Fear of greenwashing is ‘main barrier’ to corporate use of carbon credits

Study gathered opinions on corporate climate action from 500+ business managers in the US, UK and Europe. 

Companies view carbon credits as a critical component of climate action but significant fears over greenwashing are a major barrier to increasing participation in the voluntary carbon market, a survey has found.

The study, which was conducted by Conservation International and the We Mean Business Coalition, gathered opinions on corporate climate action from business managers engaged in sustainability from more than 500 global organisations in the US, UK and Europe. 

According to the study, 89 percent of respondents said carbon credits “are important to compensate for residual emissions that organisations are not yet able to eliminate or neutralise”, while 51 percent said they allow them to take immediate climate action alongside ongoing work intended to directly reduce emissions in the longer term. 

More than a third of the companies surveyed said they were actively investing in the voluntary carbon market and more than half are considering it as a viable option for meeting climate targets.

recent analysis from the We Mean Business Coalition found that, if 1,700 of the world’s highest-emitting companies compensated for 10 percent of their emissions through carbon market investments, more than $1 trillion could be mobilised by 2030.     

However, when it came to concerns around the voluntary carbon market, nearly half cited fears over greenwashing.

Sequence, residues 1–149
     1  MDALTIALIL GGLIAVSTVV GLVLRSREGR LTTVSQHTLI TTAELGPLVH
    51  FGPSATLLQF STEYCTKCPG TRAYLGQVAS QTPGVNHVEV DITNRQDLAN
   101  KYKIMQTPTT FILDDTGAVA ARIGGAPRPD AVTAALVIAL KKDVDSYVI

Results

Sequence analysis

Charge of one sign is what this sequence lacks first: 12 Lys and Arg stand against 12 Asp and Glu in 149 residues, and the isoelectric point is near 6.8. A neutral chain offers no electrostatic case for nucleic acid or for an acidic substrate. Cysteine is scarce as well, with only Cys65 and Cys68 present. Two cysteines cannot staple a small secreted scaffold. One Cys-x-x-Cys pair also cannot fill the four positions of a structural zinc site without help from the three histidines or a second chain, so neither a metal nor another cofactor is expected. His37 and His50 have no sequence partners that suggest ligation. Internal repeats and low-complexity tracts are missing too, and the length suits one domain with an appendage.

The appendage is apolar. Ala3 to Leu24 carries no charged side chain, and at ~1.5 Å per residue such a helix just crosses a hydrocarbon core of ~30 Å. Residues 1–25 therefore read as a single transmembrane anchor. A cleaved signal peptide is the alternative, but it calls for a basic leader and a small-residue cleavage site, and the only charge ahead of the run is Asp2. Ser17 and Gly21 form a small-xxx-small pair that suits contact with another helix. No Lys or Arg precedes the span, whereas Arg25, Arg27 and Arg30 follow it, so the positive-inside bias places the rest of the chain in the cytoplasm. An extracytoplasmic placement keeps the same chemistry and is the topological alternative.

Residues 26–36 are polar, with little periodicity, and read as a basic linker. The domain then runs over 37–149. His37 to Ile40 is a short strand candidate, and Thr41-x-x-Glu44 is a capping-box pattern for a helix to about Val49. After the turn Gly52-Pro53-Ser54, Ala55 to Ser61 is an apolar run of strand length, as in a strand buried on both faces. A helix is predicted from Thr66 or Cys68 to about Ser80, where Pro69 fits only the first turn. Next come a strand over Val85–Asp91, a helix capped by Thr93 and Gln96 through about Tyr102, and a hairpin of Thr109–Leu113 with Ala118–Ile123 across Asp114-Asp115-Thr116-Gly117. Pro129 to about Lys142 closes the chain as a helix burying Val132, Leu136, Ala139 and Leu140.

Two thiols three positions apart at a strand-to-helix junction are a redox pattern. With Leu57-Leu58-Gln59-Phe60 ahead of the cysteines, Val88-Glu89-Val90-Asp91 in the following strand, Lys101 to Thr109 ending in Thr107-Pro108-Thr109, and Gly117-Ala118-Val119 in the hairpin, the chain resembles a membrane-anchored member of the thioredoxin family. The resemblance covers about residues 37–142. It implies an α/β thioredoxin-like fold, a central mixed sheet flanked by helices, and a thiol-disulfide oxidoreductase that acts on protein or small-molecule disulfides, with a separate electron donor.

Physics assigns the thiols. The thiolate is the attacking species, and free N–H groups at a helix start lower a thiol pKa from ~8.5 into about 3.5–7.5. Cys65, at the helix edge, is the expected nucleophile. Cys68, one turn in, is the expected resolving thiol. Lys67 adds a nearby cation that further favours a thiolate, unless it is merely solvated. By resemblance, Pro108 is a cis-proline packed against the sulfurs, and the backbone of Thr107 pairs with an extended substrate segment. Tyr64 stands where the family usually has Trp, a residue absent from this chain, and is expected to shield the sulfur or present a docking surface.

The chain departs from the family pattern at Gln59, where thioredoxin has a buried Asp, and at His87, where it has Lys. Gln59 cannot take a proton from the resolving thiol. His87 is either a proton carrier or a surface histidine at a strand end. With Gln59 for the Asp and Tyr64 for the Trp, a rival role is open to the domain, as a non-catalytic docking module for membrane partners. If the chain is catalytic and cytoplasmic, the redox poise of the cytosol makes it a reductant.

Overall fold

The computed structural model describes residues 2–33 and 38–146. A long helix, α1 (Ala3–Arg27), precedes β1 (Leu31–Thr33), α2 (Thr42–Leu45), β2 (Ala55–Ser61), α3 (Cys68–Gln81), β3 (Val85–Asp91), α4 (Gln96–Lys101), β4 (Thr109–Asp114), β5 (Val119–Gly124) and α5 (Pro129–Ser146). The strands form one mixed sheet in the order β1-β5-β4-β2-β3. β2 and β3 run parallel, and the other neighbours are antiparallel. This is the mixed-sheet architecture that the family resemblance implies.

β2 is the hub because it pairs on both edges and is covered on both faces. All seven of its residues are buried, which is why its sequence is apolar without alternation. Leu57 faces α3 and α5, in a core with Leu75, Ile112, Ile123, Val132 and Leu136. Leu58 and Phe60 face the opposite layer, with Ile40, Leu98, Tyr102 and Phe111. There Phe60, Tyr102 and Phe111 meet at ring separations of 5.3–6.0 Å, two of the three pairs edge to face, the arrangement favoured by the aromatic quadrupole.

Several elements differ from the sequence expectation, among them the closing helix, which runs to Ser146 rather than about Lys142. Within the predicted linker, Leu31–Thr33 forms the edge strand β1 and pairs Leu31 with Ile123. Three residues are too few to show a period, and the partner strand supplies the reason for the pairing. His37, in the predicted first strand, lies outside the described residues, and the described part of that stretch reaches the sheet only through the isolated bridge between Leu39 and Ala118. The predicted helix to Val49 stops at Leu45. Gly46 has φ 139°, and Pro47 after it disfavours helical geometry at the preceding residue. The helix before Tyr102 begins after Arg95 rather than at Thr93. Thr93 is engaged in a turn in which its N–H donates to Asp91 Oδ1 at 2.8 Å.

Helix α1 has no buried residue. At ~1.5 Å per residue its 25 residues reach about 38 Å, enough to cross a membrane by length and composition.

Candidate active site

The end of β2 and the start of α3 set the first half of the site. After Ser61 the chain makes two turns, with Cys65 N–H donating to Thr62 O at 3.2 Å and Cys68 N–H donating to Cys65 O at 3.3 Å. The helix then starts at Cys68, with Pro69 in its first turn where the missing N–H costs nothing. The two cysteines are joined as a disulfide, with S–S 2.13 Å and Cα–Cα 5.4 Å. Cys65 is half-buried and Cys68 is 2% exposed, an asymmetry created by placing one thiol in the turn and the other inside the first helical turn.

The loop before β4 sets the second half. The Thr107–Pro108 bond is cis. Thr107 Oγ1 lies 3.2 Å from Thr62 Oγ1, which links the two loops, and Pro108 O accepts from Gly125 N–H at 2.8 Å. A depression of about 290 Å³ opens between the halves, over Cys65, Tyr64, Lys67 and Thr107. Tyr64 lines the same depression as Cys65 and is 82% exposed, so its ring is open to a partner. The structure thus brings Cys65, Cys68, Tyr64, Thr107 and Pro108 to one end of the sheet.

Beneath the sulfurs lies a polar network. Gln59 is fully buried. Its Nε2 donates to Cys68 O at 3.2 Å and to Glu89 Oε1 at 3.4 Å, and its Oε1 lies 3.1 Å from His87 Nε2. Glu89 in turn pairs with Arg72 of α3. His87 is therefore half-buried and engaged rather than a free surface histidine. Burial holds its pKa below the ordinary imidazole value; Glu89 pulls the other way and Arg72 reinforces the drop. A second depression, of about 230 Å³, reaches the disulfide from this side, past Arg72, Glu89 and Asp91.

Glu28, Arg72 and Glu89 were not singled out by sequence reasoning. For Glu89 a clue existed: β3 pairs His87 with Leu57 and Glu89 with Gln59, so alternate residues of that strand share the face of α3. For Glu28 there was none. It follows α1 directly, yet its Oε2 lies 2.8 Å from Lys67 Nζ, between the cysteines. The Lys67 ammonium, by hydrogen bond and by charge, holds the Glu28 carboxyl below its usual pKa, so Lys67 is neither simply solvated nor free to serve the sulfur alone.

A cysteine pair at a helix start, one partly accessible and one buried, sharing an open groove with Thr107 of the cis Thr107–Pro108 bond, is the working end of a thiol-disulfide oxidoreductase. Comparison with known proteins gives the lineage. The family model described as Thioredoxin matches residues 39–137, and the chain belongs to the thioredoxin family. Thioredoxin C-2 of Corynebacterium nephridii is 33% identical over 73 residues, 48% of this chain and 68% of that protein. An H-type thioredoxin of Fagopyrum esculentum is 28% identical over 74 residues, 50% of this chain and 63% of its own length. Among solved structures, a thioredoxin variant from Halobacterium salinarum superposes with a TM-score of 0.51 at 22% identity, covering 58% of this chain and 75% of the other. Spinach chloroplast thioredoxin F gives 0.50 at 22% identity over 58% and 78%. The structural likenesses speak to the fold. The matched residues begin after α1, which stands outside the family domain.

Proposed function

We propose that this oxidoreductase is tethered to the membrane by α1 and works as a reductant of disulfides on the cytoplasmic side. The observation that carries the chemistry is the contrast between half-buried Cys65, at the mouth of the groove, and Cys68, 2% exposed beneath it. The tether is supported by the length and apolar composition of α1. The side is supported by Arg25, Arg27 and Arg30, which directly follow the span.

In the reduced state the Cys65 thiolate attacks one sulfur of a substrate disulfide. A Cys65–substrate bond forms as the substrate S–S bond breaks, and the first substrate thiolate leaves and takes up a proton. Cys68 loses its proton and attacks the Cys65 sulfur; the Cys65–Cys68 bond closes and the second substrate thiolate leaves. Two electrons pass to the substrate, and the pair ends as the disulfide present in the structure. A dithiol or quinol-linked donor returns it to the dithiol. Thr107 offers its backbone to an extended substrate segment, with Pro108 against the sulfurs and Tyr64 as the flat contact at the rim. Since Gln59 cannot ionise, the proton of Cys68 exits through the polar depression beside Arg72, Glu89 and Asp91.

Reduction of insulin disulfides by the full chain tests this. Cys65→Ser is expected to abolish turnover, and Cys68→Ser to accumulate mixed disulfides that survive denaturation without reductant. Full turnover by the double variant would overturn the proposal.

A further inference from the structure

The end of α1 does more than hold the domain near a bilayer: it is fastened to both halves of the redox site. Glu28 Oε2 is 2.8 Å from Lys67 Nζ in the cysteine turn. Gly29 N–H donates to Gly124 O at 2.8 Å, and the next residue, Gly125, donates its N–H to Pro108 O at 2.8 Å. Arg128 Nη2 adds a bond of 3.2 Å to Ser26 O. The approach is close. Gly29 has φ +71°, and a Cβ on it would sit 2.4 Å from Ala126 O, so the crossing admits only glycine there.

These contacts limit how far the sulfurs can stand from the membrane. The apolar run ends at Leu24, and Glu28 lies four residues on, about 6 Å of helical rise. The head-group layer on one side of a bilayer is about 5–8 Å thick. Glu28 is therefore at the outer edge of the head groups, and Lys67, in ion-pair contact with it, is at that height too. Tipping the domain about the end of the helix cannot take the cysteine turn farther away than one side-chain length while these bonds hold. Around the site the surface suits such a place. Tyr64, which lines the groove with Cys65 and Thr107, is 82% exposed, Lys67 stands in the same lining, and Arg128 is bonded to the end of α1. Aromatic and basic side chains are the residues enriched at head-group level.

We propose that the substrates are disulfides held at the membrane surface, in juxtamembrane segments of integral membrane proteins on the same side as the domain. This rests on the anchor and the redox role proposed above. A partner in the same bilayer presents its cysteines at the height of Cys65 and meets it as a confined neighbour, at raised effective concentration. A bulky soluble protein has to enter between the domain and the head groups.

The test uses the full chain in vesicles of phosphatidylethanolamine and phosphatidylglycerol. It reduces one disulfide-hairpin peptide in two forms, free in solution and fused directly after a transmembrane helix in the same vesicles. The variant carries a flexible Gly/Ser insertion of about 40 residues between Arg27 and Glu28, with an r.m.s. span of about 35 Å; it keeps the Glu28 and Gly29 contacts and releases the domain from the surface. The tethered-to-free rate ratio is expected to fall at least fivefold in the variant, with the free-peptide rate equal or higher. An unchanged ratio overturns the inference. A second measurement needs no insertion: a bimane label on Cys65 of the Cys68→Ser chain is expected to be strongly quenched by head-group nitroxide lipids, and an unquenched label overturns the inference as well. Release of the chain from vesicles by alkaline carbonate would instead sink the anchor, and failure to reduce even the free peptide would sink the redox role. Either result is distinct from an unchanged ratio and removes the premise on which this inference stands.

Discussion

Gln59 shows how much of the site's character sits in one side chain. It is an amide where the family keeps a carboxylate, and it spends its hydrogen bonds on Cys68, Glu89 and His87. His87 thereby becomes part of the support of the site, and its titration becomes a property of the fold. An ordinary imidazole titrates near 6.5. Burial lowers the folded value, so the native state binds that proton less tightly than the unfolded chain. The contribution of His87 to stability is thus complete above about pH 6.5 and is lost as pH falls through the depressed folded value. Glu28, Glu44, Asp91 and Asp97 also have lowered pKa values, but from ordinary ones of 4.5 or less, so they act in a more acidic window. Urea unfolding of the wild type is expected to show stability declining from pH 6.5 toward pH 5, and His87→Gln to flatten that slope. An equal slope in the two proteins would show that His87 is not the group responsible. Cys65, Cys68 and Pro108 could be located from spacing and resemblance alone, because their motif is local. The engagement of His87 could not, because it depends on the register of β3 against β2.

This was closely followed by a lack of regulation and transparency requirements, the difficulty of linking carbon credits “with existing sustainability priorities” and the fear that their use could discourage direct action to mitigate emissions.

For organisations to adopt the use of carbon credits as part of wider sustainability strategies, business leaders said they are asking carbon projects and programmes to clarify how carbon revenues will be used, and for a greater understanding of how carbon projects reduce emissions.

Companies are also actively looking to rating agencies, the Voluntary Carbon Market Initiative (VCMI) and the Integrity Council for the Voluntary Carbon Market (IC-VCM) – which focus on the demand and supply sides of the market, respectively – to address these challenges and help facilitate additional investment in the voluntary market.

Annette Nazareth, chair of the IC-VCM, said: “Without a transparent, high-integrity voluntary carbon market that functions at scale, we won’t stay within 1.5 degrees. Companies’ priority must be to decarbonise their own value chains. High-integrity carbon credits allow them to go further.” 

She continued: “We need to find a way to make it easy for investors to recognise and price a high-integrity carbon credit no matter which programme issued it, what kind of credit it is, whether it is based on a removal or reduction, a nature-based solution or an emerging technology. And no matter where on the planet that activity is happening.” 

Moving away from carbon credits, the majority of businesses surveyed agreed on the need to accelerate decarbonisation efforts – however, 86 percent cited budget and technological constraints, as well as a lack of consistency and collaboration across their organisation, as major barriers to reducing emissions and meeting targets.